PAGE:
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SOUTHCOM Holds Academic Roundtable Discussion on Terrorist-Criminal Organizations

SOUTHCOM Holds Academic Roundtable Discussion on Terrorist-Criminal Organizations

By Dialogo
December 16, 2014





United States Southern Command (SOUTHCOM) held the second in a series of four academic roundtable discussions about terrorist-criminal organization relationships in a global context, but especially in Latin America, at the Command’s Conference Center of the Americas on December 9.

Experts discussed this and other related topics with a broad variety of different views and included Dr. Louise Shelley, Founder and Director of the Terrorism, Transnational Crime and Corruption Center at George Mason University; Dr. Phil Williams, Director of the Matthew B. Ridgeway Center for International Studies at the University of Pittsburgh; Mr. Chris Dishman, South/Central Regional Director of the U. S. Department of Homeland Security; and Mr. Chip Poncy, Co-founder of the Financial Integrity Network (FIN). The moderators were Dr. Frank Mora, Director of the Latin American and Caribbean Center (LACC) at Florida International University (FIU) and Brian Fonseca, Deputy Director of Applied Research Center also at FIU.

Dr. Louise Shelley opened the discussions saying, “We must look at the cultural-political context in Latin America. To solve the problem of terrorism we have to treat it as a business.” In her opinion, there are areas in this region that should be paid more attention to, such as the Triple Frontier, a tri-border area
along the junction of Paraguay
, Argentina
, and Brazil
, which many consider to be a safe haven for Hamas, Hezbollah, and other terrorist groups sympathizers.

Professor Shelley also pointed out that women and even terrorists from Eastern Europe and other parts of the world are trafficked into the United States through churches and language schools which provide legal entry into the country, as was the case with the flight school that provided documentation for the perpetrators of 9/11 to enter the United States legally.

Dr. Phil Williams followed by saying that even though eventually terrorist groups cooperate with one another, that does not mean terrorists around the world are working together in unity. Professor Williams prefers to call the groups that mix terrorism and other criminal activities hybrids. For him, it does not matter if you call transnational organized groups terrorists, narco-traffickers or just plain and simple criminals, but the most important issue is to find better ways to combat them.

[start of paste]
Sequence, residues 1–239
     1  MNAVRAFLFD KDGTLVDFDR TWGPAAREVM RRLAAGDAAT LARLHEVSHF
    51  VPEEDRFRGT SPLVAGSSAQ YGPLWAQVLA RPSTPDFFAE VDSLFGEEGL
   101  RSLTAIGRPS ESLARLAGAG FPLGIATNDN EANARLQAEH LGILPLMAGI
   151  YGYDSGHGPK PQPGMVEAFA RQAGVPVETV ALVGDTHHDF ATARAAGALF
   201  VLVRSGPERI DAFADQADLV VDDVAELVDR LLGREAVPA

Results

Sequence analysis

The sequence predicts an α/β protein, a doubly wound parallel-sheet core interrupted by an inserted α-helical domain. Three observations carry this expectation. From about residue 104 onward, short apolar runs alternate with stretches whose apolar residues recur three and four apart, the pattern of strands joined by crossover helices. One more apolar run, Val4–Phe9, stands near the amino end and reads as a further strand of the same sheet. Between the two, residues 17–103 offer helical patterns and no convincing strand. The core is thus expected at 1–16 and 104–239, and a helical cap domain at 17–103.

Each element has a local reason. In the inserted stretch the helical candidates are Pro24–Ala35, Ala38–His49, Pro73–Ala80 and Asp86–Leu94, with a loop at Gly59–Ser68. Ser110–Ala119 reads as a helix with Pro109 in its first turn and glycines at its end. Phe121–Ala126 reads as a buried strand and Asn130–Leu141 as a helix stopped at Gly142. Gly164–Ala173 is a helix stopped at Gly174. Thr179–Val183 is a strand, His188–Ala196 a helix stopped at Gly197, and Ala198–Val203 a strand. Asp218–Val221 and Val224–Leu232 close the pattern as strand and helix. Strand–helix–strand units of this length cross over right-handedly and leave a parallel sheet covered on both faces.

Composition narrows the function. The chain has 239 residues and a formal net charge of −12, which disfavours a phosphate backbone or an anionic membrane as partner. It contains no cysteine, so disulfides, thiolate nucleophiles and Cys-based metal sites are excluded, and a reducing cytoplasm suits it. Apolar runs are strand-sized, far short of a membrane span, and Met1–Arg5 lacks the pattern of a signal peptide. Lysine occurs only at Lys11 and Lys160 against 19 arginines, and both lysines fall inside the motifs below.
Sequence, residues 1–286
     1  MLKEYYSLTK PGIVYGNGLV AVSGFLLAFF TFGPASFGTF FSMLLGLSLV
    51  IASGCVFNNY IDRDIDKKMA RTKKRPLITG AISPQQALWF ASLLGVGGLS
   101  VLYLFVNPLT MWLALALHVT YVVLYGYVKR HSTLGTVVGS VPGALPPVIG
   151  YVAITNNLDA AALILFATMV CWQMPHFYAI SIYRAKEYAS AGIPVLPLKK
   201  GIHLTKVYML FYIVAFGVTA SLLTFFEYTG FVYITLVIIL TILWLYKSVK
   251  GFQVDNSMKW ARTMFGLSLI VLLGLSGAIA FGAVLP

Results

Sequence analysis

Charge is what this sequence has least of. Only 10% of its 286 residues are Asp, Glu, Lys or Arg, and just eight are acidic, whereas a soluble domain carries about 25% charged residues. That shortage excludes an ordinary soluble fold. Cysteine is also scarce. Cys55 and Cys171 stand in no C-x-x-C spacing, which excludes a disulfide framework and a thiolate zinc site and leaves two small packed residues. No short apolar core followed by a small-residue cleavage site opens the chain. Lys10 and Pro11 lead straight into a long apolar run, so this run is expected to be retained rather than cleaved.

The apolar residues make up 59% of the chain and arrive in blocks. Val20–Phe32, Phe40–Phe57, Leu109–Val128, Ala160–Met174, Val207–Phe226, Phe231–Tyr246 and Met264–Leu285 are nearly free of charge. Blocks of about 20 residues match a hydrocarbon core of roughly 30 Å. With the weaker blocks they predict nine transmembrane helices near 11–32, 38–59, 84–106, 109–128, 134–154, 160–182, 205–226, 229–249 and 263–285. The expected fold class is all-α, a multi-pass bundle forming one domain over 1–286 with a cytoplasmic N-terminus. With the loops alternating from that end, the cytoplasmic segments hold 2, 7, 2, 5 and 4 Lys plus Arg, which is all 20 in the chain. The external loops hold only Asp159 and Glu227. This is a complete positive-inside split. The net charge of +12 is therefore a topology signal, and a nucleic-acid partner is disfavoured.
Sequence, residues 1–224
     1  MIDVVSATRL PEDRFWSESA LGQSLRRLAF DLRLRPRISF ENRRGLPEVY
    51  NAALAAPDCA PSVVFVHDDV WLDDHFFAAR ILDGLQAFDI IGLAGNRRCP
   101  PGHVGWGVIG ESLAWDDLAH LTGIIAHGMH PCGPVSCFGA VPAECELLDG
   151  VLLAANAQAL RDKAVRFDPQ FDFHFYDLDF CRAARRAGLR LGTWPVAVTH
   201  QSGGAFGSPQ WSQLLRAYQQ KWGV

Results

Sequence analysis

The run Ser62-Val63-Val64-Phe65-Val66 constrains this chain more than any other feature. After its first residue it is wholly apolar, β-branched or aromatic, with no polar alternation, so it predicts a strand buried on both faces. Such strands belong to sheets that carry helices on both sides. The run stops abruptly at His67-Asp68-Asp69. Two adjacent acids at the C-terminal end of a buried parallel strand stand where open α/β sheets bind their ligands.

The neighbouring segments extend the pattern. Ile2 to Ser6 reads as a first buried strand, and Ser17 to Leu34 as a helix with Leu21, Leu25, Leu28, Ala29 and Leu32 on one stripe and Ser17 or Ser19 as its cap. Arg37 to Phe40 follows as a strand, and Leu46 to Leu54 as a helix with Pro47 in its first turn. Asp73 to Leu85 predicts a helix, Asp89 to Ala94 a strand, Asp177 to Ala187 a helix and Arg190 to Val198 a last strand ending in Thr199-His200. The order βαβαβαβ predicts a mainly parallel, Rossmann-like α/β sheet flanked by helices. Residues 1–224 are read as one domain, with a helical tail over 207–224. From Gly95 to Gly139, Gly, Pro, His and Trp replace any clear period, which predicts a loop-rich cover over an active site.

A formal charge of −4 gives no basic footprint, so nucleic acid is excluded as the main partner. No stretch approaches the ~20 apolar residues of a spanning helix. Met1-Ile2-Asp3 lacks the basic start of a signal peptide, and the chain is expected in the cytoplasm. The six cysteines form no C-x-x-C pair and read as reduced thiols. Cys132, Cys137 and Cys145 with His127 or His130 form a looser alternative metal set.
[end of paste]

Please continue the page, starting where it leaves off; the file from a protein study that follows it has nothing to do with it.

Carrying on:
This view was contradicted by Dr. Shelley, who thinks that there is, in fact, a big difference between these groups, but both agreed on one thing: prisons in Latin America serve as a “barn” for criminals who, after sharing experiences and ideas with better educated inmates, such as political activists, journalists or students, come out better prepared and indoctrinated with leftist ideas. A lot of them just control crime occurring outside the jails from the inside, both agreed.

Adding fuel to the fire, Chris Dishman said, “Crime and terrorism should be seen as different, not together as one. When illicit activities are combined, for example, [which is] what happened to the Revolutionary Armed Forces of Colombia (FARC), these groups become more regular criminals rather than terrorists.”

Chip Poncy preferred to focus on financial sanctions imposed by the United States to companies and/or organizations with confirmed ties to terrorist groups around the globe as a strong means to weaken terrorist and other criminal groups. He mentioned that non-government organizations in various parts of the world are used as façades to support transnational organized crime, including terrorism.

According to Poncy, terrorists groups such as the Islamic State of Iraq and Syria (ISIL or ISIS) are finding creative and different ways to take money in and maintain the areas they govern. “There are geographic blots in different parts of the world, such as in Africa, and the tri-border region in South America, just to name a name a few. We must use even stronger sanctions against organized crime.”

After each speaker was finished, Fonseca opened the floor for questions by the audience, not without mentioning that despite several and combined efforts in Latin America to fight terrorism and transnational organized crime, violence in the region has risen substantially in the last decade. And he is correct. According to the United Nations Office on Drugs and Crime Global Study in Homicide (2011) between 2000 and 2010, homicide rates in Latin America increased 12 percent — the only world region that saw its rate grow.

Dr. Mora agreed and said one factor is a higher demand for more and more diversified types of drugs. But for him, the biggest problem Latin America faces today is the escalation and spread of corruption within basically all sectors of the economy and governments in the region. All members in the panel seemed to agree.

Capabilities and vulnerabilities in the relationship between the U. S. and Latin American countries in having a combined fight against terrorism/transnational organized crime were also exploited, but no firm recommendations on how to better attack this problem were presented.